Discover Ireland’s traditional languages, culture, and way of life by visiting her islands. A thoroughly unique experience, you can travel to Sherkin Island in County Cork, the beloved Aran Islands off the coast of Galway, and all places in-between. From ancient ruins and unrivaled bird watching to sandy beaches and spectacular sea views, these island escapes are waiting to be explored.
Called ‘Ireland’s Alcatraz’, Cork’s Spike Island has often been named “Europe’s Best Tourist Attraction,” beating both the Eiffel Tower and The Colosseum. The island was closed for many years. After undergoing major redevelopment, it opened to the public in 2016. Ireland’s most notorious offshore island, Spike has a star-shaped fort, which held more than 2,000 prisoners. Wander the rooms and imagine the stories of those who were here. Many visitors enjoy the spooky ‘After Dark’ tour! Spike Island is reached via ferry from Cobh, the ill-fated Titanic’s last port of call.
Just a short ferry trip from Baltimore in County Cork, Sherkin Island is a wildlife heaven, known for whale and bird watching. Like many of Ireland’s wild islands, the population is small; just 100 people live here year-around. During the summer, visitors arrive to enjoy an exceptional art festival (June) and a sailing regatta (July). One of Sherkin Island’s most beautiful spots is Silver Strand, a pristine beach with ocean views that stretch for miles. Stroll along Sherkin’s winding wildflower-scented roads, where all paths lead to beauty.
This Gaeltacht island embraces Irish tradition. Cape Clear is Ireland’s southernmost inhabited island, and it has wild, rugged beauty. Lying eight miles off the coast of West Cork, this island is packed with history and offers views as far away as Mizen Head—Ireland’s most southern point. The islanders greet visitors with a warm welcome—they are fiercely proud of their heritage and happy to share it. Many Cape Clear locals speak their ancient native language, and traditional Irish storytelling is part of their daily lives. An International Storytelling Festival has been held here every year since 1994.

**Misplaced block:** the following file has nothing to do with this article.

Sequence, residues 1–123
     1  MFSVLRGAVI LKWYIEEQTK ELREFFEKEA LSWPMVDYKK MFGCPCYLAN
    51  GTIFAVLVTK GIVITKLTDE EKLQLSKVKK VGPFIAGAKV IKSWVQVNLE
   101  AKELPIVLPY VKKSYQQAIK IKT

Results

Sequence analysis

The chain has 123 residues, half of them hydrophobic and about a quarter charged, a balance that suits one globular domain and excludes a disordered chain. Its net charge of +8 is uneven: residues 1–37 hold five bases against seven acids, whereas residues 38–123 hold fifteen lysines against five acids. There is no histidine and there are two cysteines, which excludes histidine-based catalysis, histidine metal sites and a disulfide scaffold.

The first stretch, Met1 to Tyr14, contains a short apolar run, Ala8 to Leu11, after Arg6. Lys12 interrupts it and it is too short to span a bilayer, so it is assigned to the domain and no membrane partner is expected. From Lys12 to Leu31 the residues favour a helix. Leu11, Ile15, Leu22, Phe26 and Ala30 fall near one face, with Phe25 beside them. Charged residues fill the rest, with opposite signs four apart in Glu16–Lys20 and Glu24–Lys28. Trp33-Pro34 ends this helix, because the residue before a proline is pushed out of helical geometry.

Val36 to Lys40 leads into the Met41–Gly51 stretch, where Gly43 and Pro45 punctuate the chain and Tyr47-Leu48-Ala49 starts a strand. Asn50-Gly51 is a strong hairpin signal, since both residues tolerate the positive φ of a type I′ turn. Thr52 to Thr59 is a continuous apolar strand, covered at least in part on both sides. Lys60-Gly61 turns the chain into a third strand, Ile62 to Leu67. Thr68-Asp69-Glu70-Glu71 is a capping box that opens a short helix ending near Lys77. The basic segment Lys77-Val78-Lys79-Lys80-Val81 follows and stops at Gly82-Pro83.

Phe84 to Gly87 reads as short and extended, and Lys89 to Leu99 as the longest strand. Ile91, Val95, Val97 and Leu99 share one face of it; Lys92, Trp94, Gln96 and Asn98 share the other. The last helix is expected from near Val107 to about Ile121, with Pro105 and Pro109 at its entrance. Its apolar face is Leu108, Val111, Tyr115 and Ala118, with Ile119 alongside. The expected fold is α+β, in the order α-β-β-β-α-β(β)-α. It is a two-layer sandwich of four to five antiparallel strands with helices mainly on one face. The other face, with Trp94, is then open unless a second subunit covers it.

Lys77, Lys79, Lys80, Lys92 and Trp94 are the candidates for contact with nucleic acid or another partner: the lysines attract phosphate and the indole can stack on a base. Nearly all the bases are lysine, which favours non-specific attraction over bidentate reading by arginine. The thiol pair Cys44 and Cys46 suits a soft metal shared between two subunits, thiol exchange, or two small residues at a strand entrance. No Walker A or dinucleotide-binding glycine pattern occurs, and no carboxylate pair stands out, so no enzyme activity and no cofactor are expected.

Bere Island, in West Cork, is an unspoiled beauty. This island has a unique history, and it’s here you can enter an ancient world of standing stones and ring forts. Many of the attractions on Bere Island are centered around the ocean, and they range from dolphin watching to diving. The Sea Safari offers spectacular views of the Beara coastline, giving you a glimpse of secret beaches, coves, and hidden caves.
The Skellig Islands
Before Skellig Island became a movie star after appearing in Star Wars: The Force Awakens, the Islands of Great Skellig (Skellig Michael) and Little Skellig, were better known as UNESCO World Heritage sites of outstanding universal value. Skellig Michael is home to a monastic site, including beehive huts set 600 feet above the sea. You can reach them with a 500-stone-step climb… If you don’t feel like climbing, visit the Skellig Experience Visitor Centre on nearby Valencia Island. You can learn about the history of the Skellig monks in immersive experiences and films.
The Blasket Islands
A group of six islands off the coast of Kerry, the Blasket Islands are as well-known for their literary heritage as they are for their wild, untamed beauty. The most beautiful of the islands, the Great Blasket Island, was inhabited until 1953. Its population had decreased over time. With just 22 people living on the island, it was decided that the citizens of Great Blasket should move to the mainland. Though the island remains uninhabited today, it retains a literary legacy found in the works of writers such as Peig Sayers, who documented the often harsh and unrelenting ways of island life. If you want to get back to nature, a visit to the Blasket Islands is a must.
The Aran Islands
Located off Galway Bay are the islands of Inishmore, Inishmaan and Inisheer, known as The Aran Islands. People from various corners of the world go to the Aran Islands to step back in time. The Irish language is spoken here, and this is where you want to buy an authentic Aran cable-knit sweater—it will last a lifetime. With a population of 90o people, Inishmore, the largest of the islands, has several must-see sights. These include the ruins of the Seven Churches and Dun Aonghasa, an early medieval hill fort perched on the edge of a cliff. For an Inishmore night on the town, head to Joe Watty’s Bar. Named one of the ten best pubs in Ireland, Joe Watty’s has a menu of fresh seafood, craft beers, and traditional music all year around.